Have you ever been to a textile shop in the province and wondered where those beautiful patterns came from or how they were made? HABI The Philippine Textile Council invited us to get to know Philippine Textile firsthand – from its very seed to the fabric.
We stayed at Kiangan Viewpoint Homestay located in Kiangan, Ifugao, which is roughly 7-8 hours away from Manila. I thought I would only be able to experience a “sea of clouds” at Mt. Pulag or Sagada, which is three hours further from Kiangan; but I was lucky enough to witness it here every morning.
HABI’s goal is to revive the interest of the Filipinos, and preserve and promote Philippine textiles through education. They have been helping our weavers showcase their products and connect them with the international market for the longest time. They have also partnered with the Philippine Fiber Industry Development Authority to increase cotton farms because they also aim to bring the use of cotton back into the traditional weaving process. The future is really bright for promoting sustainable textiles from natural fibers now that everyone is more conscious about being sustainable. Cotton is an excellent choice because it’s biodegradable.
We also visited the IPED Center (Indegenous Peoples Education Center) with Sir Marlon Martin and the Kiayyangan Weavers Association. It is community-led and only a couple of weavers are left there, mainly composed of senior citizens. They are also making efforts to encourage the younger generation to get into weaving.
With HABI’s help, Marlon inspired the community to go back to the use of Philippine cotton and a traditional dyeing technique called “Ikat”. The weavers have also shifted to natural dye and are focused on preserving traditional techniques. Right now, they are actually weaving the way that their ancestors did.
Sir Marlon Martin enlightened us on the different meanings of symbols in the textiles, which are mostly inspired by nature. There are a lot of symbols, but some of my favorites are the following: “Binituwon” (star symbol) for abundance, “Binanniya” (lizard symbol) for wealth and nobility, and “Inulog” (snake symbol) for boundaries.
The process from the seed to the fabric involves a lot of work – both mentally and physically. First, they harvest the cotton, then they dye and dry it. Then, they spin it before it actually gets woven – and that’s a whole other process.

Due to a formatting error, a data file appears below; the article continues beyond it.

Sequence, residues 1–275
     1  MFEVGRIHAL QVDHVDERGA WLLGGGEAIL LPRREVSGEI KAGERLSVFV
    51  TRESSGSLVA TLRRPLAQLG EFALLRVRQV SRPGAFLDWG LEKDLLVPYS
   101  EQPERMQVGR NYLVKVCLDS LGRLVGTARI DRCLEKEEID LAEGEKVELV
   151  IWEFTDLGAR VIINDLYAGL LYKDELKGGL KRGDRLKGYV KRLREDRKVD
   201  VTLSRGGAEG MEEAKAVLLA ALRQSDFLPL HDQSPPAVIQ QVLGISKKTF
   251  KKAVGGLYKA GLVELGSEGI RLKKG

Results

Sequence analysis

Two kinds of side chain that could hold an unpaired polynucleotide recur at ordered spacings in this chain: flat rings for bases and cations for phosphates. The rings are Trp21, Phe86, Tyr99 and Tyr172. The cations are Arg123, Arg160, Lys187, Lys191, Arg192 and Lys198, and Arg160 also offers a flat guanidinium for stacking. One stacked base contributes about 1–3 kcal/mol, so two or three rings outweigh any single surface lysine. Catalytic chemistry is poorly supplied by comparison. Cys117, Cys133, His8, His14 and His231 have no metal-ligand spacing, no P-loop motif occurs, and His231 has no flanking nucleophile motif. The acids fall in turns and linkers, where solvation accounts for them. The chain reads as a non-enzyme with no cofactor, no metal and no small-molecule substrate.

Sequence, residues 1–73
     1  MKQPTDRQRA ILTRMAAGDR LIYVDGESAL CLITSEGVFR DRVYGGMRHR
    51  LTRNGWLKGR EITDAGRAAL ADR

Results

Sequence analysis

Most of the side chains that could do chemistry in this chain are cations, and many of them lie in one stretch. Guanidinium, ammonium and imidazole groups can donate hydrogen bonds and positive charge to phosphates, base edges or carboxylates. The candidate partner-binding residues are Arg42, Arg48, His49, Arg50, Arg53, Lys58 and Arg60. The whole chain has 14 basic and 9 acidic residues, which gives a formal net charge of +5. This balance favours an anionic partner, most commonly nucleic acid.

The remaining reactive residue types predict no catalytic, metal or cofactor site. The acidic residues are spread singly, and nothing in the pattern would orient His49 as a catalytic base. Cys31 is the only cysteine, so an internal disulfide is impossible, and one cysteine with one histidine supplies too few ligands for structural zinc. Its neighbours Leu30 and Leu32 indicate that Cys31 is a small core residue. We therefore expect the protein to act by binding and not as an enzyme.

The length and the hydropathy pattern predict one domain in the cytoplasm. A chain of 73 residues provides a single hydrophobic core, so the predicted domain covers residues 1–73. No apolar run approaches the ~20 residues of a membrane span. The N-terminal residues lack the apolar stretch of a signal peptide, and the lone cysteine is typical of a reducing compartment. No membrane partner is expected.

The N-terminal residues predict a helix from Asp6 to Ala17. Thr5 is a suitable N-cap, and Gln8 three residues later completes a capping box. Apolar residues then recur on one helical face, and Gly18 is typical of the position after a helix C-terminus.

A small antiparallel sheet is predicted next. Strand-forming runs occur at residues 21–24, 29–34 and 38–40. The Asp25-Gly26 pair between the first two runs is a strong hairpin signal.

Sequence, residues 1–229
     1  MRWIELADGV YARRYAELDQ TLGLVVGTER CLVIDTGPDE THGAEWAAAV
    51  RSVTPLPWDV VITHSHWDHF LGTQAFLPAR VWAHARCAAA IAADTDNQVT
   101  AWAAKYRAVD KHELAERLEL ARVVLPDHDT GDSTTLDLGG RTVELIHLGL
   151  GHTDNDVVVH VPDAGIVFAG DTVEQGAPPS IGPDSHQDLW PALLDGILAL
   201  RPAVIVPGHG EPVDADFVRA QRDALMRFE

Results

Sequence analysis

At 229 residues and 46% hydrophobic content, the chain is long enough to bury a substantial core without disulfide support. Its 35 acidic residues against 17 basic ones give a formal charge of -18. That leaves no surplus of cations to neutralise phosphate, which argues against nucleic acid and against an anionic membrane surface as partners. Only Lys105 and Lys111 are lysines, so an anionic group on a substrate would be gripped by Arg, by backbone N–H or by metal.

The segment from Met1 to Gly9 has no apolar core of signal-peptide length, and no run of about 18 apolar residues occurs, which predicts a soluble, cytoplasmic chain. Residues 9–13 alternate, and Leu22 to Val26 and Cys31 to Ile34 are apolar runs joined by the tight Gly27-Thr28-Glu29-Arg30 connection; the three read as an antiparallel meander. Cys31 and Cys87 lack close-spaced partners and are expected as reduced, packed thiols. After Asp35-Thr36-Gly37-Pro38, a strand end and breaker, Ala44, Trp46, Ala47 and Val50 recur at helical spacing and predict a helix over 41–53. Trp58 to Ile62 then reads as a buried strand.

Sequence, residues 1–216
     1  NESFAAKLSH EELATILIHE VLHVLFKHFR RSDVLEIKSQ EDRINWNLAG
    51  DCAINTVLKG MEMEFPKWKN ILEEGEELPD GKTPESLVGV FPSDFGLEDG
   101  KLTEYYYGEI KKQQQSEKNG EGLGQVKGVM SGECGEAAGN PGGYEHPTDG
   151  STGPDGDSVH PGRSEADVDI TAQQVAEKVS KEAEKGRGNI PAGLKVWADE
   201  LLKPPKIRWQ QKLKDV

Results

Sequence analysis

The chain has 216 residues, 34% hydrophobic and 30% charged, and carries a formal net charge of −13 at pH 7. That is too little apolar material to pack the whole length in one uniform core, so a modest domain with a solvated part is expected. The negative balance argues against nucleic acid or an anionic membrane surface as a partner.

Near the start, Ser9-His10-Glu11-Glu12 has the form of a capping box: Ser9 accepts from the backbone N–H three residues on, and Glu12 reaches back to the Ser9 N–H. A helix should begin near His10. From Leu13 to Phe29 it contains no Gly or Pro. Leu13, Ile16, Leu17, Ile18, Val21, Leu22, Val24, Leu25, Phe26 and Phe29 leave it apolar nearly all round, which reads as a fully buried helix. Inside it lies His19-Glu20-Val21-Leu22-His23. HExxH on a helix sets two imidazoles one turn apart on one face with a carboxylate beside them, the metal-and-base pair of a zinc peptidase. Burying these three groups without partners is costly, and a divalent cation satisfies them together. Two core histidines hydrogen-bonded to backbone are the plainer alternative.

Kelly from HABI says that her dream is for the weavers to be their own brands. She hopes that there’s time for them to be exposed. One of the weavers that day said, “I’m so glad I went to Likhang Habi Fair last year because it made me open my mind to seeing other patterns from other weavers, seeing brands incorporate our craft for modern utility and it inspires us”. She hopes that it happens also to other weavers in the Philippines.
So, technically, it’s exposure. I would rather buy directly from a weaver to design my outfit because it’s fulfilling to see them earning more that way. Knowing that their parents are both weavers and designers might inspire the younger generation to keep doing it, as well.
I think the business side to it is important, too: knowing the proper rates or the marketing side of it to keep it going. Basically, it’s important for designers and weavers to collaborate properly because it’s not a popularity contest but more of a need to preserve our heritage and identity.
For those of you who are interested in buying these fabrics, I suggest that you do your research and learn more about where they come from because actually knowing the process will make you appreciate the art of weaving more. The implication of supporting these products is really big, too. You won’t just help the weavers, but the farmers who plant the cotton seeds, as well. I need to point out, though, that there is a need for cultural sensitivity when it comes to promoting our indigenous textiles because these products hold important meanings for the communities who make them, as well.
You can support our traditional weavers at Likhang Habi Fair from October 11 to 13, 2019 at the Glorietta Activity Center. Expect these beautiful handwoven textiles there, including the weavers themselves.